The USMCA and America’s Alcohol Industry

By: Richard M. Blau, chair of GrayRobinson's alcohol beverage, food law, and cannabis industry departments

On July 1, 2020, the U.S. - Mexico - Canada Agreement (USMCA) entered into force, replacing the North American Free Trade Agreement (NAFTA). The new USMCA is designed to improve trade opportunities for North American workers, farmers, ranchers, and businesses.

Specific to America’s alcohol industry, USMCA's Alcohol Beverages Annex contains provisions regarding the sale and distribution of alcohol beverages, as well as labeling and certification provisions that address technical barriers to trade. The Annex also preserves the recognition of certain distinctive products of the U.S. (i.e., Bourbon, Whisky and Tennessee Whisky), Mexico (i.e., Tequila and Mezcal), and Canada (i.e., Canadian Whisky).  The USMCA also includes a side letter between the U.S. and Canada regarding wine, and a side letter between the U.S. and Mexico regarding Mezcal.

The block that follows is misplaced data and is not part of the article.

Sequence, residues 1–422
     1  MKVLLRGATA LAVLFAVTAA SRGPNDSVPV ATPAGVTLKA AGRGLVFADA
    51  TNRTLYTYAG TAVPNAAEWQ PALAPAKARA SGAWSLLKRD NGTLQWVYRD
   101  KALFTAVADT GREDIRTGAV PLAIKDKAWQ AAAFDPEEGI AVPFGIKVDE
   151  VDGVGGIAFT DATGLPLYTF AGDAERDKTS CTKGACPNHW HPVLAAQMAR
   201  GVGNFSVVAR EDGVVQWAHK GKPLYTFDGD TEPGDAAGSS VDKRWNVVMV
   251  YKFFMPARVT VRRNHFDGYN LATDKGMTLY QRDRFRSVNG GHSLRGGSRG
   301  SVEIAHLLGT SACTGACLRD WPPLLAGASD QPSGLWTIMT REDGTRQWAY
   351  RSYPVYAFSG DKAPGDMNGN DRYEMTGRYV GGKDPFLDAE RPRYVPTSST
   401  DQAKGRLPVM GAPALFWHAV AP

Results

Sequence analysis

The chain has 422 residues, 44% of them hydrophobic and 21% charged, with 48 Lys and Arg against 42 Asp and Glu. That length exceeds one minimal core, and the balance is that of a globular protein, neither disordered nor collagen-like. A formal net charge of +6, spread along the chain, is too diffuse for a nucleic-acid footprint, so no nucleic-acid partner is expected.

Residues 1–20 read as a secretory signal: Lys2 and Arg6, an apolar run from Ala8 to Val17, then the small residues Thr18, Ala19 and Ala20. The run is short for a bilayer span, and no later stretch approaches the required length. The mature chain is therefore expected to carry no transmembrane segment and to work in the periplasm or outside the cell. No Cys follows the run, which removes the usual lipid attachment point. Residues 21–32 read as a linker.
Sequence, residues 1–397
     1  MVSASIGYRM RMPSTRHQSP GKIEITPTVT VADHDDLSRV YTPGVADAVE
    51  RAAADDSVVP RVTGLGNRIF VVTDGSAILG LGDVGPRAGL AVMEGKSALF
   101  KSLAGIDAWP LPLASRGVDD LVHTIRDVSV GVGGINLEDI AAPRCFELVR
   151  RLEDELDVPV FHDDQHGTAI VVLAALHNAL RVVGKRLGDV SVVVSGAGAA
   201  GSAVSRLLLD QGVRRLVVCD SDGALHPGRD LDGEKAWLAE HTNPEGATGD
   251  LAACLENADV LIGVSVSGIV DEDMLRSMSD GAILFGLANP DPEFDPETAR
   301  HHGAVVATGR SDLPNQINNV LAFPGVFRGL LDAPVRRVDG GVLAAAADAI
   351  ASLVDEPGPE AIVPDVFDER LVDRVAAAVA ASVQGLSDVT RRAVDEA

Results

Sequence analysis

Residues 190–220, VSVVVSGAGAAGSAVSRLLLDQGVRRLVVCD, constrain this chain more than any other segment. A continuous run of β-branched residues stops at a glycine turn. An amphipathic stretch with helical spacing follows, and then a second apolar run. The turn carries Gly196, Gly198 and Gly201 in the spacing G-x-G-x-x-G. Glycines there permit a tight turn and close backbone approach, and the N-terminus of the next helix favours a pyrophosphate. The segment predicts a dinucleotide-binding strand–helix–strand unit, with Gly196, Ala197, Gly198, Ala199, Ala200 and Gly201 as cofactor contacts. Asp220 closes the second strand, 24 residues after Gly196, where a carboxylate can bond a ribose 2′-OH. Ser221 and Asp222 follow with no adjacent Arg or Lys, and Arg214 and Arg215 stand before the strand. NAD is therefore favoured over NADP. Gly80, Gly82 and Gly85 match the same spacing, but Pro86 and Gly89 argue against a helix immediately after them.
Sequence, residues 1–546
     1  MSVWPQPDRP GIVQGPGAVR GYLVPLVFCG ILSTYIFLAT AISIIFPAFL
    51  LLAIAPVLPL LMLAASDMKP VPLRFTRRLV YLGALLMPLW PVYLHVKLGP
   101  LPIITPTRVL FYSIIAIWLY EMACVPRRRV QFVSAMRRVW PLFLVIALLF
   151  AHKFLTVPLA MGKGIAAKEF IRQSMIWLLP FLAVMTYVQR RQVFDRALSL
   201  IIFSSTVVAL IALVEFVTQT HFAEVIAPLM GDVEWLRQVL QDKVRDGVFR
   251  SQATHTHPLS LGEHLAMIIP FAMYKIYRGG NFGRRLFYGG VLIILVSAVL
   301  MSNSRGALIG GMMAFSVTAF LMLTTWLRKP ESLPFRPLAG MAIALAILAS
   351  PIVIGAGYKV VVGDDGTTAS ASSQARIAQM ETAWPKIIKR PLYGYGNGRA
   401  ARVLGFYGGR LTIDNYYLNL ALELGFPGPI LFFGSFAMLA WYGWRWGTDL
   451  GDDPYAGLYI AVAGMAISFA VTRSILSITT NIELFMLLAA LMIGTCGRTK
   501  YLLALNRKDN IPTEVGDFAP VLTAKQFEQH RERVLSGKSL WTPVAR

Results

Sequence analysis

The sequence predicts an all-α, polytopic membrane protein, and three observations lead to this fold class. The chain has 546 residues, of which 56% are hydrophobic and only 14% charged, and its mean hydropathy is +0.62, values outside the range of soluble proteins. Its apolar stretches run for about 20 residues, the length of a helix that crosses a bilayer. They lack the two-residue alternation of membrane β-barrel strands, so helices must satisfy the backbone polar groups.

Annex 3-C

Distilled Spirits, Wine, Beer and Other Alcohol Beverages

Annex 3-C reaffirms tariff-free trade with two of America’s largest and most important export markets.  Since tariffs were eliminated under NAFTA in 1995, U.S. spirits exports to Canada have grown by nearly 1,700 percent, and to Mexico by approximately 1,500 percent.  Industry members are hopeful that by continuing the three nations’ commitment to tariff-free trade in alcohol beverages, the USMCA can build upon the incredible growth in U.S. alcohol exports under NAFTA to further increase American exports supporting new, good-paying American manufacturing jobs.